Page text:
Hi Numismatic Community! Lately I've gotten into the habit of checking my serial #'s of paper currency just for fun! Also a cost effective way to collect some neat bills.

READ MORE
06 Mar 2018

TYPE-41 $100 CURRENCY CSA NOTE

Paper Money-U.S. | Longstrider

Below is a note I just received back from PMG. As you can see it is a Type 41-$100 dated Nov 3, 1862.The entire series ran from August 26th, 1862 - January 8th, 1863. The printers were Keating & Ball from Columbia, S.C.. This printing firm started operation in October 1861 and folded up in February 1865 when Columbia, S.C. was captured by the Northern forces. This note actually paid 7.3% interest making it the third highest interest $100 note from the Confederacy. The back of my note shows 3 interest paid stamps on the back. This means interest was actually paid and collected by the bearer. In this case, three times.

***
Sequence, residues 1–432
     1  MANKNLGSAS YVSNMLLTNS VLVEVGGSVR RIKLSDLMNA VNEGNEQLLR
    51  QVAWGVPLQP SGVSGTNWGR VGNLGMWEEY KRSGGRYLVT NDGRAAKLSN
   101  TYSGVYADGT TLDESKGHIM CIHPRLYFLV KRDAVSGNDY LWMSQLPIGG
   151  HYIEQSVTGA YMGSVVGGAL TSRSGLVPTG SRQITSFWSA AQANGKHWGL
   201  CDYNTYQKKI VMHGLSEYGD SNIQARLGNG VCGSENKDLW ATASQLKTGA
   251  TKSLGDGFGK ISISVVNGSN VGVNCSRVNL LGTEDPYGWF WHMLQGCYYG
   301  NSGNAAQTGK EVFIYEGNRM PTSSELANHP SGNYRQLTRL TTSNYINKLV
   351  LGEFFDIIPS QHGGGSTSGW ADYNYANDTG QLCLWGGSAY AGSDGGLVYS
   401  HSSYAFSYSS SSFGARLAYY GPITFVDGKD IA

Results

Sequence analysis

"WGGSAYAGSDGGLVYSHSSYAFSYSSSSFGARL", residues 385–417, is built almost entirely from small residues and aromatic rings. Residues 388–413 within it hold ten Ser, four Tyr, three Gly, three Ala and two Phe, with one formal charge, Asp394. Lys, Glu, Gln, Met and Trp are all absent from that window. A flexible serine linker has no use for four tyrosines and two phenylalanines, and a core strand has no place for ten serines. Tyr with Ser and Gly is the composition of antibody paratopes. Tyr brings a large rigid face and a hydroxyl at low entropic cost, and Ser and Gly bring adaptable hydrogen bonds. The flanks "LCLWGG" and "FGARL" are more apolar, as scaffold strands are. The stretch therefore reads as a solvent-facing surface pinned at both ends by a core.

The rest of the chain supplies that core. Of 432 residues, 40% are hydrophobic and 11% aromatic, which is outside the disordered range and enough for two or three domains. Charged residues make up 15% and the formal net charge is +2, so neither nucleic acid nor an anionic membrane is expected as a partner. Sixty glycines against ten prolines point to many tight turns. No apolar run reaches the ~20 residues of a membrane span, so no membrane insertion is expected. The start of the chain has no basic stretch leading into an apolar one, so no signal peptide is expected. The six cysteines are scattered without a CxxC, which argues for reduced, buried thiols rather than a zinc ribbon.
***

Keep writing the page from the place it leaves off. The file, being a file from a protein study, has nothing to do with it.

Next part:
READ MORE
26 Feb 2018

TYPE-42 CSA $2 BILL

Paper Money-U.S. | Longstrider

In going with our current batch of Civil War inspired tokens and money, I would like to add this to the list. Below is a photo of a 1862 Confederate States of America $2 bill. It was issued June 2, 1862 in Richmond. It is a Type 42. All of which, 1,520,000, were dated June 2nd, 1862. Signed by B. Duncan, Columbia, S.C.. This was the first $2 note issued by the Confederacy. There is one variety, the Type 38. It is the same bill but with a date of September 2nd 1861. It is believed by most that this was issued by mistake and was quickly corrected.

READ MORE
30 Jan 2018

BREAKING NEWS! SERIES 2017 NOTES

Paper Money-U.S. | user_55599

Hey guys, I had to make an emergency Breaking News blog post. It's been confirmed that the 2017 series $1 bills were released today. Keep an eye out for them. If you guys happen to find any please update the comment section! Thank you! Happy hunting!

READ MORE